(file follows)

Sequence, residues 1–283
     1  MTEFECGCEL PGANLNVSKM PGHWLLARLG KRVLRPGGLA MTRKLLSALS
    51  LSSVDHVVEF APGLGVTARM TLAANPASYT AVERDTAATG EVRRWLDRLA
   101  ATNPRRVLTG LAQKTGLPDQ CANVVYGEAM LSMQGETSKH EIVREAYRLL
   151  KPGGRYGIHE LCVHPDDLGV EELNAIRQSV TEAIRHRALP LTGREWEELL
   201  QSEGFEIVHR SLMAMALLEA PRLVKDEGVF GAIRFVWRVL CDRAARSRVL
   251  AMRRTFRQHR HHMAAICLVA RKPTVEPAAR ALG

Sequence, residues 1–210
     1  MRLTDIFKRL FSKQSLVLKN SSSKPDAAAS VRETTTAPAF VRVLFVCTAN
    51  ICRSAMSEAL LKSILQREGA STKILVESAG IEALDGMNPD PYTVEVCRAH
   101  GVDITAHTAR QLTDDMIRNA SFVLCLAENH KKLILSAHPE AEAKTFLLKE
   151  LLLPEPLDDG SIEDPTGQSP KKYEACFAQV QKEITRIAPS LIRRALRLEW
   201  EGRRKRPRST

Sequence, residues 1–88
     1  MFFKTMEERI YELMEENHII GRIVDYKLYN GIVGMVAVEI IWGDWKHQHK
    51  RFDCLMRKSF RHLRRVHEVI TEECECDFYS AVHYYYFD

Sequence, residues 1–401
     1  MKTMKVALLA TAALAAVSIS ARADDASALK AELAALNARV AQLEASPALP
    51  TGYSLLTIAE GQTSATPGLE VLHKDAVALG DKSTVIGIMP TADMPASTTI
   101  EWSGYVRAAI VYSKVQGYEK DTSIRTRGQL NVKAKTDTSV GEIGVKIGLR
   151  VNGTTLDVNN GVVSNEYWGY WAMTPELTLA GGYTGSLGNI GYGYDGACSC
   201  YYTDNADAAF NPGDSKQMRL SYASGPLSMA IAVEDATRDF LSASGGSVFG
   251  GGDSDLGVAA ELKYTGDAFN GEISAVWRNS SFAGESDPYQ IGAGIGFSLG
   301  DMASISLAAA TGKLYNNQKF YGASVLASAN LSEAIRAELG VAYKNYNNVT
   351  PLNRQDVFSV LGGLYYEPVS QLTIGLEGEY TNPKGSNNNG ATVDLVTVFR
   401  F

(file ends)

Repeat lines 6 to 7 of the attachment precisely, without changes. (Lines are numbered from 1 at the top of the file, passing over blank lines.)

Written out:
   201  QSEGFEIVHR SLMAMALLEA PRLVKDEGVF GAIRFVWRVL CDRAARSRVL
   251  AMRRTFRQHR HHMAAICLVA RKPTVEPAAR ALG